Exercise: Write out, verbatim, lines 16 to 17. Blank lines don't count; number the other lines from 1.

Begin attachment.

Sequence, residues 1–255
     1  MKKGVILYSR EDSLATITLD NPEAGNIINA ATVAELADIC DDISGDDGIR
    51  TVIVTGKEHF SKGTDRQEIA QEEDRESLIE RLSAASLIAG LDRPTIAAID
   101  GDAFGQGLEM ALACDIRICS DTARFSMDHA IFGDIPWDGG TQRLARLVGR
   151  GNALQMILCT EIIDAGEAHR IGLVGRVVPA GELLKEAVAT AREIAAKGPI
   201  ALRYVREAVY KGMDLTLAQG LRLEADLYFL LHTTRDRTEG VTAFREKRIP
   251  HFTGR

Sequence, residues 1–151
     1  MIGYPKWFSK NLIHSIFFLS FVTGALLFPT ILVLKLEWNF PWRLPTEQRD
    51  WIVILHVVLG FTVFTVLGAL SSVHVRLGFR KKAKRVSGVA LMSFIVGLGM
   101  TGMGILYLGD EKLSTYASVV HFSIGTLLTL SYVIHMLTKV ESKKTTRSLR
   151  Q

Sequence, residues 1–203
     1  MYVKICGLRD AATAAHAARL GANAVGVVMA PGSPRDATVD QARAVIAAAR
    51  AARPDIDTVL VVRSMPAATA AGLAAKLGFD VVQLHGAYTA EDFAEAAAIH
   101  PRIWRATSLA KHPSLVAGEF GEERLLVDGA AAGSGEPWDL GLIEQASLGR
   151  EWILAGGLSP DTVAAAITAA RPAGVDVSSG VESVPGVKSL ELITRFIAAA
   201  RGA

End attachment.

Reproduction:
   101  PRIWRATSLA KHPSLVAGEF GEERLLVDGA AAGSGEPWDL GLIEQASLGR
   151  EWILAGGLSP DTVAAAITAA RPAGVDVSSG VESVPGVKSL ELITRFIAAA